Another area of expertise the Cyclopes excelled at was building walls. Large Mycenaean fortification walls were credited to them; such was the huge size and irregular shape of the blocks used. The acropolis of Mycenae and Tiryns still have today long stretches of these ‘Cyclopean walls.’
Odysseus & Polyphemus
The most famous encounter between humans and a cyclops was during the long voyage home from the Trojan War endured by the hero Odysseus. The story is recounted most famously in the Odyssey by Homer. Mid-journey at an unknown location, the hero stops at an island for supplies. Unfortunately, the island was also inhabited by the cyclops Polyphemus, the son of the nymph Thoosa and Poseidon, and the giant took a distinct fancy to the travelling Greeks. Trapping them in his cave by blocking the entrance with a huge boulder only a giant could move, he swiftly ate two as an appetizer and then later a couple more of the hapless travellers.
Seeing the gravity of the situation, Odysseus, known for his intelligence and quick wits, developed a cunning plan of escape. Tempting Polyphemus with wine until the cyclops was drunk, the hero ordered his men to turn Polyphemus’ olive-wood staff into a spike, this they then hardened in a fire and then used it to blind the cyclops while he slept. Unable to see and understandably livid at his treatment, Polyphemus tried to catch the still trapped travellers by feeling his sheep as they left the cave for their grazing. Odysseus then instructed his men to tie themselves to the bellies of the sheep whilst he chose a ram for the purpose, and thus they escaped to continue their voyage. However, the cyclops, after unsuccessfully hurling a boulder to try and smash the fastly-disappearing Greek ship, cursed Odysseus, predicting the loss of his men, a wearisome voyage home, and disaster when he finally arrived there. Calling on the help of his father Poseidon, Polyphemos ensured that it would be many a storm and ten long years before Odysseus reached Ithaca.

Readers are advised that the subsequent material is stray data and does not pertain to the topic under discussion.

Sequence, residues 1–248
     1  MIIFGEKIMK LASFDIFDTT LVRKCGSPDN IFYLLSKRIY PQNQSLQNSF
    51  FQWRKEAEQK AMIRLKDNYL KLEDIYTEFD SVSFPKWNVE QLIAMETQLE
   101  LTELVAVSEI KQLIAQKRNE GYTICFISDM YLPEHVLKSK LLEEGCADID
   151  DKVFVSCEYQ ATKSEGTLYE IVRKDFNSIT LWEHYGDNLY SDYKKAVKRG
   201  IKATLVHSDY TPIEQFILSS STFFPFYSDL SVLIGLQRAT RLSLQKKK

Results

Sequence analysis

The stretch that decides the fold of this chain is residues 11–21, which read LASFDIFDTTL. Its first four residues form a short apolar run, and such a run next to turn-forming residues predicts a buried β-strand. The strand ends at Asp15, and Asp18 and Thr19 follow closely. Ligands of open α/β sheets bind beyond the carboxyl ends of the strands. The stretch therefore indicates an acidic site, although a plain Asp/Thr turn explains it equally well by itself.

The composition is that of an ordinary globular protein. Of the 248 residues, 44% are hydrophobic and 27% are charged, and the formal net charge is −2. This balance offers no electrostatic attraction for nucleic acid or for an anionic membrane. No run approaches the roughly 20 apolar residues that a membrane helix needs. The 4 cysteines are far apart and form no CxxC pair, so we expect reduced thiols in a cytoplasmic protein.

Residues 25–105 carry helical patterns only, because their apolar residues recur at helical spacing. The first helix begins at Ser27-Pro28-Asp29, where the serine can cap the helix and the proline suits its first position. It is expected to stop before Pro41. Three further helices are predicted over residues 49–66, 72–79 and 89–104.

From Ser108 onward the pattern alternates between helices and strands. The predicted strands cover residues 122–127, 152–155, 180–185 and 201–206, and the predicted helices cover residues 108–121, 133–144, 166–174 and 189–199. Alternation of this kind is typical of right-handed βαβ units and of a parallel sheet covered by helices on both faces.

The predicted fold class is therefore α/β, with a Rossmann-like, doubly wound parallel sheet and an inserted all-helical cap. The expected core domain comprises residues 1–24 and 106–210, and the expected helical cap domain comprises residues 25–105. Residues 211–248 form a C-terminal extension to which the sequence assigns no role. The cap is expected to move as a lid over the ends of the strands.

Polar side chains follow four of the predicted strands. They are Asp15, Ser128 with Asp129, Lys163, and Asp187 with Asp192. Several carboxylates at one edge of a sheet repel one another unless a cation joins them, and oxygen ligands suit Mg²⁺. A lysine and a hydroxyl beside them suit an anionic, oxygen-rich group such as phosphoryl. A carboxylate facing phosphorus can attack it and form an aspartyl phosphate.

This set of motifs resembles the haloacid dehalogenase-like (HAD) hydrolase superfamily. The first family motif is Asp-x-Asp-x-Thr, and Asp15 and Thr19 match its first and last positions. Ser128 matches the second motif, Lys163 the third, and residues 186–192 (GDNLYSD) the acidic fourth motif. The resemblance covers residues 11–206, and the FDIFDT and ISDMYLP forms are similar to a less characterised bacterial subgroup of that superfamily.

In Literature & Art
The Cyclopes are both the title and subject of a satyr play by Euripides (c. 484-407 BCE), the great writer of Greek tragedy. The plot is much like Homer’s Odyssey but with the added character of the elderly satyr named Silenus, who gives additional help to Odysseus and his men as they battle wits with Polyphemus. Another traditional story of Polyphemus involves him hopelessly trying to woo the sea-nymph Galatea, a tale popular with ancient pastoral writers and an early prototype for the Beauty and the Beast fairytale. In the better-known version, Polyphemus sings a love song to Galatea but without any effect, except to surprise the nymph’s actual lover Acis, who tries to swim away but is crushed and drowned after the cyclops employs his weapon of choice and throws a huge rock at him. In the lesser-known version, Polyphemus is more successful in his ambitions and he and Galatea have a son called Galas (or Galates) who became the ancestor of the Gauls.